“Arise, lift up the youth and grasp your hand upon him,
for I will make a great nation of him.” (Genesis 21:18)
Parashat Vayeira never changes from year to year: Abraham always invites strangers into his tent, Sodom and Gemorah always get destroyed, and Isaac always almost gets sacrificed. But the week in which Vayeira is read is never the same, so each year provides a new and unique context for reading the parasha, or portion.
Last week, Abraham laughs when God tells him Sarah will become pregnant (Gen. 17:17). This week, Sarah also laughs when she learns of this same prophecy. But God calls Sarah to account for her behavior and doesn’t accept her response (Gen. 18:11-15). The #MeToo Movement generally (and the Kavanaugh confirmation hearings more specifically), bring this ancient double standard into high relief.
Later in the parasha, Abraham is distressed to learn Sarah wants to banish Hagar and Ishmael. God responds, “…Whatever Sarah tells you, heed her voice…” (Gen. 21:12). This complicates matters: this time, Sarah speaks with authority and her voice is heard, but to what end? To punish an innocent woman and child. How is that OK?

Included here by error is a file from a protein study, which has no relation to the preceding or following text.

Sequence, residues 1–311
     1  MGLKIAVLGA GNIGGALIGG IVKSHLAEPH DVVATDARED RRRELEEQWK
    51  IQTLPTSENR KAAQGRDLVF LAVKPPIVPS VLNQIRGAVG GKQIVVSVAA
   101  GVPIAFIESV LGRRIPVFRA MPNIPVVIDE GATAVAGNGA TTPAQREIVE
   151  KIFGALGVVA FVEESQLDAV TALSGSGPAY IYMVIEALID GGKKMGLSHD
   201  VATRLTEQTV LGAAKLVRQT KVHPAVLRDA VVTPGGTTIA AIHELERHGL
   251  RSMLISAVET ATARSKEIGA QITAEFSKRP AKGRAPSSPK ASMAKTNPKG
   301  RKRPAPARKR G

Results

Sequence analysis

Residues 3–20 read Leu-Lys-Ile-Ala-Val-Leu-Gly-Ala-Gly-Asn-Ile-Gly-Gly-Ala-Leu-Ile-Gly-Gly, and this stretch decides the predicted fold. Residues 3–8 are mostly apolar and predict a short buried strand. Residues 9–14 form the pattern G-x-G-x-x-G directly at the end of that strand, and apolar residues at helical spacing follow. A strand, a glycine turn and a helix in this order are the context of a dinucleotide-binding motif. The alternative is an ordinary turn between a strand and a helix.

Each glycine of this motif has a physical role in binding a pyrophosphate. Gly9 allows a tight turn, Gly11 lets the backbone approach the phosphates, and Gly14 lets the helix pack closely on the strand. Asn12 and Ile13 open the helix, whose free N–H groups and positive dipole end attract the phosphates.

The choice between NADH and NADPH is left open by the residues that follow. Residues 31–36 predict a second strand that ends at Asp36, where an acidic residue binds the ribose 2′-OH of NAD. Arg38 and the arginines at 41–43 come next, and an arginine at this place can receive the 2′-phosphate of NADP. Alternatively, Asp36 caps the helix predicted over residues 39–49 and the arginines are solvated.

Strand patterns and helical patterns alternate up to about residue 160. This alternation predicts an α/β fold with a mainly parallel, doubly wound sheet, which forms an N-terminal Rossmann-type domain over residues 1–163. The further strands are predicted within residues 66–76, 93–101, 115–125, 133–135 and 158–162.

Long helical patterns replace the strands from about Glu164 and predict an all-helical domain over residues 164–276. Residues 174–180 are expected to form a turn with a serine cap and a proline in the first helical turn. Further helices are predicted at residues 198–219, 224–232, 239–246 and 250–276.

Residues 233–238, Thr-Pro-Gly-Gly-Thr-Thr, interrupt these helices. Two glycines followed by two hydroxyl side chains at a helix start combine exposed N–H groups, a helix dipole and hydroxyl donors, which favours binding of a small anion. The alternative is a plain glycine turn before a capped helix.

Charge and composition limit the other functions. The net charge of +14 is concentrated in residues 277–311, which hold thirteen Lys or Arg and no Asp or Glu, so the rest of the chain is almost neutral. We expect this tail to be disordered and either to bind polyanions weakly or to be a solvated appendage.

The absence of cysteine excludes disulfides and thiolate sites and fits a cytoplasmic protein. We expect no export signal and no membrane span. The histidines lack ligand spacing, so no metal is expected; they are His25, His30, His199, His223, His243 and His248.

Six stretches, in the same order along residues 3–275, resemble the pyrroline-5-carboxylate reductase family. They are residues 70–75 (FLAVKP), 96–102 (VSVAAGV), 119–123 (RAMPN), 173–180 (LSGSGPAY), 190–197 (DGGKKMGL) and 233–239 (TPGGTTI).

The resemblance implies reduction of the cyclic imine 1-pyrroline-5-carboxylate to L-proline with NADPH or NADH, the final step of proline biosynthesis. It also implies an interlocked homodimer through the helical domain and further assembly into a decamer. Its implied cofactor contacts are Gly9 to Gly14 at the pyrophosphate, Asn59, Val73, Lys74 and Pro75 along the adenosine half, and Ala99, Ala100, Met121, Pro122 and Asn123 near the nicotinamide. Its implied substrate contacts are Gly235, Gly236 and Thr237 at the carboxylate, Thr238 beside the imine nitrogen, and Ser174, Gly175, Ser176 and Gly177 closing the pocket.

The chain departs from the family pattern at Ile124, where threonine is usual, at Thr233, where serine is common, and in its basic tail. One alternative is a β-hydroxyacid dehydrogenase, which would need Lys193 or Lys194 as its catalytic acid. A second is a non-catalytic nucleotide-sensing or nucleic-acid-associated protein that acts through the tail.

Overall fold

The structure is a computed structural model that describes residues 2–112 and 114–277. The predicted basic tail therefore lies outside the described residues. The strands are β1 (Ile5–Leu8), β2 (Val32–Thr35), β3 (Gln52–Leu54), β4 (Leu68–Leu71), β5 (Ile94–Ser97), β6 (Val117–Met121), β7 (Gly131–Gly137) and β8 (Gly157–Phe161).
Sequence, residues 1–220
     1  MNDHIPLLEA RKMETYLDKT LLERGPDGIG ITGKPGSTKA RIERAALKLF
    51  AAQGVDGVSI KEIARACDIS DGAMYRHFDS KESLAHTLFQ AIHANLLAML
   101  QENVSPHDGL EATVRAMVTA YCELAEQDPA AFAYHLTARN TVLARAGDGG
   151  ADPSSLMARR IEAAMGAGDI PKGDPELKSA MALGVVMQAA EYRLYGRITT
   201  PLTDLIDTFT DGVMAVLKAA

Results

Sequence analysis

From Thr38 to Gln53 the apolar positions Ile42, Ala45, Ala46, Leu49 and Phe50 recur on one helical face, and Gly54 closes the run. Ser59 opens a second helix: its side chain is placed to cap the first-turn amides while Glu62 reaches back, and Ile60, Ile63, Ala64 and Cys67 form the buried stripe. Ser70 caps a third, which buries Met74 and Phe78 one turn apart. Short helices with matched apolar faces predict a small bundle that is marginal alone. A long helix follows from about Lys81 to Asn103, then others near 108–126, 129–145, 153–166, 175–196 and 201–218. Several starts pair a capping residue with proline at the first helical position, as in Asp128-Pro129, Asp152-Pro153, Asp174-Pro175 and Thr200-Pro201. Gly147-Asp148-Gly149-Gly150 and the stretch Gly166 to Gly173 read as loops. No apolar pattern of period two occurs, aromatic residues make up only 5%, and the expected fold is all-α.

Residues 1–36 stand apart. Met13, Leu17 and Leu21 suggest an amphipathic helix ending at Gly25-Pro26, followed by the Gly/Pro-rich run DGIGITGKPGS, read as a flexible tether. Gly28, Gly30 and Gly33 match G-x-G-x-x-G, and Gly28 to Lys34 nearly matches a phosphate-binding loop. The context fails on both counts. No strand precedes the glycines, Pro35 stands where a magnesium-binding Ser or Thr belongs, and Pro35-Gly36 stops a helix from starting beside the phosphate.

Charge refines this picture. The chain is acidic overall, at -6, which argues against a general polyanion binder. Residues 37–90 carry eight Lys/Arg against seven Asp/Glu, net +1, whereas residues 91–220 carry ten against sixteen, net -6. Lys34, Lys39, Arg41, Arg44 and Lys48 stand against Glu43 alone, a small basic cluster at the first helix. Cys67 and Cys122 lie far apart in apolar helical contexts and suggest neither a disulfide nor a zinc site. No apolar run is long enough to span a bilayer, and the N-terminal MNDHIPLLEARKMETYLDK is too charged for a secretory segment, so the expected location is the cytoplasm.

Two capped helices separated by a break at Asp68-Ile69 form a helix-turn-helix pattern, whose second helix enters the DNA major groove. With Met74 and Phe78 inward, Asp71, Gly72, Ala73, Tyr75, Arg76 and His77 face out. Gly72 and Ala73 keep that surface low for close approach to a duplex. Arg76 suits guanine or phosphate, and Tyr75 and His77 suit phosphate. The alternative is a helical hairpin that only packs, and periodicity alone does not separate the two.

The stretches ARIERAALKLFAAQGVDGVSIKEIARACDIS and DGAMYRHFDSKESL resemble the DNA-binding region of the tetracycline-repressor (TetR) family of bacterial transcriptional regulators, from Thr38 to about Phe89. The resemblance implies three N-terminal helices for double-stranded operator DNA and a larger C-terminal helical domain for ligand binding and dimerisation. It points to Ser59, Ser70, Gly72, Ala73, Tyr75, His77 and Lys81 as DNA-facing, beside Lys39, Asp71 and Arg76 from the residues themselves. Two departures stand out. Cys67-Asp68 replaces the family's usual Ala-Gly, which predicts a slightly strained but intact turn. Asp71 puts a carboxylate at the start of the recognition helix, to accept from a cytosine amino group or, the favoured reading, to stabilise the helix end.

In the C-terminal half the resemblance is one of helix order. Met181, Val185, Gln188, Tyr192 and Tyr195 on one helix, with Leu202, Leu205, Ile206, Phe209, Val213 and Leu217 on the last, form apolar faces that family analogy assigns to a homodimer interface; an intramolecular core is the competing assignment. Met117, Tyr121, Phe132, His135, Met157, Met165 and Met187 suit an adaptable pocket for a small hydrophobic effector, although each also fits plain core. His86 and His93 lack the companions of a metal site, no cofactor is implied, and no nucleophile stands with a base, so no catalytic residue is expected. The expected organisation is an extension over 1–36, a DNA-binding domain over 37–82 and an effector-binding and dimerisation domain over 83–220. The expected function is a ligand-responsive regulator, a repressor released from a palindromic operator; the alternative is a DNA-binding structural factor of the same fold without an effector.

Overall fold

Rabbi Burt Visotzky (Professor of Midrash and Interreligious Studies at The Jewish Theological Seminary) claims the messiness of the Genesis stories is what makes them so durable and powerful. They are filled with moral dilemmas which demand ongoing analysis. The stories themselves are not sacred; rather, it is the unending study of the texts that create their sanctity and yield a moral education. So every generation relies upon its own sensibilities to make sense of the actions in the stories. What remains constant across time is the essential question: what is the right thing to do?
Gut Shabbos/Shabbat Shalom